POLS 225 PROFESSOR FRANK BRYAN
INTERGOVERNMENTAL RELATIONS COURSE NO. 91728
Course Requirements and Expectations
This is a senior level seminar. Significant preparation and participation is expected from everyone. Each member of the seminar is important to its success. Therefore, class attendance is essential and I will record it. There is no basic text to purchase for this course but substantial reading is required. I will make many of the assigned readings available by placing them on reserve. But, please note, because one of the goals of the course is to make sure you graduate from UVM with some library skills, I will not place on reserve "standard" stuff like the Federalist Papers or a Supreme Court decision or an article in a journal I know is in the library and can't be taken out.
A key component of the course is a research project which you will present to your colleagues during class time and which will be the basis for a paper you will present to me by December 17. (This is two days before the end of the exam period.) For obvious reasons I strongly urge you to have it completed before exams begin. There is no final exam in the course.
An hour test will be given on October 14. This will be an essay exam dealing with: (1) the theoretical and descriptive elements of my lectures and the assigned readings and (2) the methodological / policy component of my lectures.
The Grading Breakdown
Class participation 30%
daily attendance & participation 15%
the paper presentation 15%
Hour Exam 30%
Dates to Remember
Tuesday, September 30th Paper Proposal Due
Tuesday, October 14th Hour Exam
TBA Paper Presentation
Wednesday, December 17th Final Paper Due
It has struck me over the years that there has been no direct relationship between the technical quality of papers submitted to me and the development of electronic word processing capacities. Papers look neater (even prettier) and more symmetrical but the mechanics are as shoddy as ever. I don't give points for things like right justification, color, or fancy covers. Therefore, the first requirement is that it be clean, clear, properly outlined, footnoted and formatted. Remember words "to" and "too" or "there" and "their" will not be flagged by a spell check. Computers can't do everything. (Yet.)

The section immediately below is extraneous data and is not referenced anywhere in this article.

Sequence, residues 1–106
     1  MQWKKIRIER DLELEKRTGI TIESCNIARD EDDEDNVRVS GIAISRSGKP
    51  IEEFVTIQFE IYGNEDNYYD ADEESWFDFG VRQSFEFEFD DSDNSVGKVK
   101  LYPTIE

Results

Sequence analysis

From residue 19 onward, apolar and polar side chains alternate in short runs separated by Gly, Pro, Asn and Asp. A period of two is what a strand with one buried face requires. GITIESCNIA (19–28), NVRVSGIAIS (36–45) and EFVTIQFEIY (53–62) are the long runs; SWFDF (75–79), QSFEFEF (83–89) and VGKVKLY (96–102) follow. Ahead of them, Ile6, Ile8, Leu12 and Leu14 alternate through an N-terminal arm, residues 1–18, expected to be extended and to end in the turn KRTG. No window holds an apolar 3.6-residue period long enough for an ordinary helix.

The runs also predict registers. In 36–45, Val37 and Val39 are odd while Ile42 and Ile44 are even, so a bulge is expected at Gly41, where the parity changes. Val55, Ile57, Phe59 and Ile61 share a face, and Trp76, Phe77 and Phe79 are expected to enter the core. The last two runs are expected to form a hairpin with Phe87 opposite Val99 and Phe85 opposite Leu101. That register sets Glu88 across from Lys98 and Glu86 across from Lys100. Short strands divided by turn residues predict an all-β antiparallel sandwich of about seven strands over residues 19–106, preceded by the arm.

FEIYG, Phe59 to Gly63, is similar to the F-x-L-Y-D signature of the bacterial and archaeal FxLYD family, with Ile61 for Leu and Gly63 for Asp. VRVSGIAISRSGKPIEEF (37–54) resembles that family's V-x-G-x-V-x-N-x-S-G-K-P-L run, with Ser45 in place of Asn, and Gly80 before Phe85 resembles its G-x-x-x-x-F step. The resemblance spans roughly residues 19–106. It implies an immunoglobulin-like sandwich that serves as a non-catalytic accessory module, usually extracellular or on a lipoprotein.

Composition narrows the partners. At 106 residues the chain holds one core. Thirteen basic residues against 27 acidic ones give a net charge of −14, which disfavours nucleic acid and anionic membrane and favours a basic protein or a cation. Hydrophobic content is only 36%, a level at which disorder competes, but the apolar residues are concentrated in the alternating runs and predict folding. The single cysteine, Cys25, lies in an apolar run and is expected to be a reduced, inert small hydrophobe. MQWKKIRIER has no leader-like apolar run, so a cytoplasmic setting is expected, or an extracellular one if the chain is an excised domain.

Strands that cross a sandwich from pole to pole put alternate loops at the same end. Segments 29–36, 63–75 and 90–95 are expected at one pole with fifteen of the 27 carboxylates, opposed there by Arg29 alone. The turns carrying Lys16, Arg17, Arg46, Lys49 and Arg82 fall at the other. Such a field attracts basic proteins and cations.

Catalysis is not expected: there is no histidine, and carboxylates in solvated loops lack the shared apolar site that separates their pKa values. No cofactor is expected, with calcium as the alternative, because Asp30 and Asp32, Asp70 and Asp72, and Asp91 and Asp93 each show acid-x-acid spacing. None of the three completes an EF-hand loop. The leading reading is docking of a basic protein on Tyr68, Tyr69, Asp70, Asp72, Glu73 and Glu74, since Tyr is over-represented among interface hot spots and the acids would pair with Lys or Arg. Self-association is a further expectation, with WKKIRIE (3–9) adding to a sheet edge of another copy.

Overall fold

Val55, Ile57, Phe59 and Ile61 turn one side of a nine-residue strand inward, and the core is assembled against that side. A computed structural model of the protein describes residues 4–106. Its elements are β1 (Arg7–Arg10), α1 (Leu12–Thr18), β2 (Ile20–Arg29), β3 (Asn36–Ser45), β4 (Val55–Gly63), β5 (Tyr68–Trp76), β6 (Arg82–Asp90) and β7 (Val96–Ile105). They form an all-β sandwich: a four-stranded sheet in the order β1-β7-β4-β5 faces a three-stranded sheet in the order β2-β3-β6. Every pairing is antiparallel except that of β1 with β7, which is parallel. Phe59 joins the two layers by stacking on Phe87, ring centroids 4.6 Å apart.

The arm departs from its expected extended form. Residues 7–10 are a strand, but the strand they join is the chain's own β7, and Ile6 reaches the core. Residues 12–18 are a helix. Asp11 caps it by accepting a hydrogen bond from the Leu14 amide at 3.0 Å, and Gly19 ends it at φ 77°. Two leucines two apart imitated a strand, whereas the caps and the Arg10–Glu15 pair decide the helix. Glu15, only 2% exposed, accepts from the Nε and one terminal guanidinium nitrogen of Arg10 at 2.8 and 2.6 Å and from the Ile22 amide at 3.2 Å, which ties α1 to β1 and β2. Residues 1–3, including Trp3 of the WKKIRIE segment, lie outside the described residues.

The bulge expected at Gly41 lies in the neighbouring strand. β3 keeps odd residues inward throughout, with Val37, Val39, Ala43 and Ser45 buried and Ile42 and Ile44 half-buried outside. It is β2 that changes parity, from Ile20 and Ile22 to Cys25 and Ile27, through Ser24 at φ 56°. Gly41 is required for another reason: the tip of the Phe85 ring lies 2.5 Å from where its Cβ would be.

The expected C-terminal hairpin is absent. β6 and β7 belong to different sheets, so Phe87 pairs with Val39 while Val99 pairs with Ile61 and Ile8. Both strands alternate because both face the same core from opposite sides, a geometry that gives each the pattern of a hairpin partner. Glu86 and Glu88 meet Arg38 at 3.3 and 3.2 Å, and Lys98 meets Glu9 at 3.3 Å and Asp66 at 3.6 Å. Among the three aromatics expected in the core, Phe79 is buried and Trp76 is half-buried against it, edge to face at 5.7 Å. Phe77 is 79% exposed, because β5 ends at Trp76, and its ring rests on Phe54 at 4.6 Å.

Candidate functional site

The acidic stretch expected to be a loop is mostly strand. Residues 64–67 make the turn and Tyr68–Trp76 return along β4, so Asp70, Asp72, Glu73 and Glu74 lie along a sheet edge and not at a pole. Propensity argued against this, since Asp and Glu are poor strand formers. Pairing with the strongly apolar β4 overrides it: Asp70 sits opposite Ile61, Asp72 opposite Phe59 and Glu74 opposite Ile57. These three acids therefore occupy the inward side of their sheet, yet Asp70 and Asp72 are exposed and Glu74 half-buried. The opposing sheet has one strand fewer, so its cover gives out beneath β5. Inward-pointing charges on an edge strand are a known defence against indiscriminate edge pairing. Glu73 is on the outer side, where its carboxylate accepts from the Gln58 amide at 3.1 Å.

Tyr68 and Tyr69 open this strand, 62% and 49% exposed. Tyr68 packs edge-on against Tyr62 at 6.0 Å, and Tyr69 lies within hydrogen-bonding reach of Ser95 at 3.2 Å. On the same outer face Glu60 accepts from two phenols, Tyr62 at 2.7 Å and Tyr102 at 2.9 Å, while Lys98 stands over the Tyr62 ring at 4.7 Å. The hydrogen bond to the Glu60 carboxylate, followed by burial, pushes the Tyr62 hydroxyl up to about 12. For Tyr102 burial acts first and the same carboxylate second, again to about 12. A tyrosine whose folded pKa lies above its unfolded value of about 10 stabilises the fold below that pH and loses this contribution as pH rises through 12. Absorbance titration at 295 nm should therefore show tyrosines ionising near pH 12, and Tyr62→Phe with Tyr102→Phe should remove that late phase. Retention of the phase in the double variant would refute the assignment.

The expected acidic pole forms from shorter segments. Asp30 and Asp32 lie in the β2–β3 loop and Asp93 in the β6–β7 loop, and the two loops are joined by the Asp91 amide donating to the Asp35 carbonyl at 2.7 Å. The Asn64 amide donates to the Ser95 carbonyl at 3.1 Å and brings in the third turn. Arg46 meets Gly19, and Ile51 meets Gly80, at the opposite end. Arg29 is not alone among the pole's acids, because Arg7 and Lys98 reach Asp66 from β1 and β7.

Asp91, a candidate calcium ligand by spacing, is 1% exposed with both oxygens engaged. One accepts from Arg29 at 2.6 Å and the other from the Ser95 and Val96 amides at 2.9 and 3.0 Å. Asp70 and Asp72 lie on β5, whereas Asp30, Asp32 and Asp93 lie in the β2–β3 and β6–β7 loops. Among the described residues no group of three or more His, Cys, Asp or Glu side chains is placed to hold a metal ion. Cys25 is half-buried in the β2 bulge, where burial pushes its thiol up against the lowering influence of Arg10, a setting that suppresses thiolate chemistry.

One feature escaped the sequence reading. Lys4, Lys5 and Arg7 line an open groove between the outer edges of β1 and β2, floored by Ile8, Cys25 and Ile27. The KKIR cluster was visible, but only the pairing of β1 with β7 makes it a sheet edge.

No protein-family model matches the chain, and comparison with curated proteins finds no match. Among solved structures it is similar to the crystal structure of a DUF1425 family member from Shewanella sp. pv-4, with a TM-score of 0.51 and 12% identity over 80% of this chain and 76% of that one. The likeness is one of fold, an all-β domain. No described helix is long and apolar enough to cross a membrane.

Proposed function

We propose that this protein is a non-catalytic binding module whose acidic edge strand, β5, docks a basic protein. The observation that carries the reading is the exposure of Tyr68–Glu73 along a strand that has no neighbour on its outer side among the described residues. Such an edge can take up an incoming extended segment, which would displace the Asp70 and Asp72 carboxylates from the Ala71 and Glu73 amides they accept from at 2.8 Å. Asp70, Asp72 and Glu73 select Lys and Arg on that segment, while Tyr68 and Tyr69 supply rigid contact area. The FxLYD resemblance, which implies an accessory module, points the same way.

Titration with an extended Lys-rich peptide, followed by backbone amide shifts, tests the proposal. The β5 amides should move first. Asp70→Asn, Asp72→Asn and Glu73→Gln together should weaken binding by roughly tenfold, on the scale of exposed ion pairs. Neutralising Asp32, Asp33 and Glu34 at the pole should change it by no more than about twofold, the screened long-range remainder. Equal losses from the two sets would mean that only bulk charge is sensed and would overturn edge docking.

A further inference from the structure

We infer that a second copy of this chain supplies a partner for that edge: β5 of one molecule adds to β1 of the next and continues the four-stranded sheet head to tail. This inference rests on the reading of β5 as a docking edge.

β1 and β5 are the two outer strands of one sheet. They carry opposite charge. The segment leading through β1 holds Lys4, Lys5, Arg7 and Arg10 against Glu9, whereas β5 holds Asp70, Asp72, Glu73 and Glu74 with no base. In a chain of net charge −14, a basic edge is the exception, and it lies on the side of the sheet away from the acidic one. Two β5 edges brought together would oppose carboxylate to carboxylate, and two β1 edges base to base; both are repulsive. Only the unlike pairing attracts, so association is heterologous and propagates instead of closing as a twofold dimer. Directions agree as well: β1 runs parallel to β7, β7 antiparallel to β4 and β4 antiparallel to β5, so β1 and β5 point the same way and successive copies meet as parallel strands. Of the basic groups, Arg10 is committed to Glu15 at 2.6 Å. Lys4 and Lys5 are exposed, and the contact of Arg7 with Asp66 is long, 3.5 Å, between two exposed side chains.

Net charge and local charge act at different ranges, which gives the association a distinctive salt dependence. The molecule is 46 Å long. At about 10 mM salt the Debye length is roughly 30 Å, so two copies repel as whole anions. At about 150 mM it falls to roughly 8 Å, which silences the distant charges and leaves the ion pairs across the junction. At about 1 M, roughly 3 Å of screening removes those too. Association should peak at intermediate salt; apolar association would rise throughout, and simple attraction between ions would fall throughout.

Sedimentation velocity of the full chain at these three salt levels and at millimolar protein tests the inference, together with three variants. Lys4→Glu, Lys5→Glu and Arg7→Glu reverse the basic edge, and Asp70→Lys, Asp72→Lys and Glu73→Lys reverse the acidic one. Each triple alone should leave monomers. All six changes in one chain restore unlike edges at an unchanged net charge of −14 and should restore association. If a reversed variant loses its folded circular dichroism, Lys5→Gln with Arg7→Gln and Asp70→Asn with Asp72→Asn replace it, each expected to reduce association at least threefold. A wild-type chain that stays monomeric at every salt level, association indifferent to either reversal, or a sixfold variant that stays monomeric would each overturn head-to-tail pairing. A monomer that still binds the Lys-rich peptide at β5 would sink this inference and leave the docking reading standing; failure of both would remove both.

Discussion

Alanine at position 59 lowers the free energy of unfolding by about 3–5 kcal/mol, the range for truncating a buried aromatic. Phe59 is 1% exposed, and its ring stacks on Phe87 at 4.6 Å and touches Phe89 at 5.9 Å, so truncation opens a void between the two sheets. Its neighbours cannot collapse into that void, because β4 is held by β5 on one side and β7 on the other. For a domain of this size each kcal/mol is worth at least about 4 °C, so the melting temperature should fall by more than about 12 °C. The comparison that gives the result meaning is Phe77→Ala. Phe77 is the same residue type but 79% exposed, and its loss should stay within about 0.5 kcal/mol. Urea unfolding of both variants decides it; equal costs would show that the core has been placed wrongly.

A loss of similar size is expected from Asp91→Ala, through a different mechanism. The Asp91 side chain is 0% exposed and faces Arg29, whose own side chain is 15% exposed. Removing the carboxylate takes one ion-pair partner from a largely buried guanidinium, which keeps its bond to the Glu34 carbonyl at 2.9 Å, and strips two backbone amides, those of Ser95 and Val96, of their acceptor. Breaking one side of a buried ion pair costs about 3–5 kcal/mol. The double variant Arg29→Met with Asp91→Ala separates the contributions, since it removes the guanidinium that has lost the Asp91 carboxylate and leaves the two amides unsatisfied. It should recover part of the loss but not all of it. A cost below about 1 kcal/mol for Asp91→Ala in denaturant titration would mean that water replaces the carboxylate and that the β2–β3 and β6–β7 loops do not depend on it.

Second, I want these papers to become your best piece of written work in your undergraduate career. That is, when you are asked by a graduate school, law school, or employer to submit a sample of your written work, I want you (without hesitation) to reach for the paper you wrote for this course. Be proud of your work!
Finally, the content of your paper must be designed, if not to answer original questions with original research, at least to provide interesting insights to important questions. Envision your paper as a publishable piece of research--that is, to be able to argue that if it were done well it would be interesting and/or useful to some (even if very small) audience beyond the university. For example something like the "Vermont School Finance Newsletter" on the minimalist end or the "Maine Policy Review" in the middle or the magazine "Governing" on the high end. Go for it.
Intergovernmental Relations has evolved from the study of federalism (almost exclusively) to the study of interactions of a wide spectrum of governmental structures. Still, the principal focus of the course begins with and is grounded in the relationships between the states and the national government. Beyond this, however, the study of intergovernmental relations deals with the connections between the states and their localities, these localities and the federal government, the states with one another and non-profit "quasi public" institutions with all three levels of government.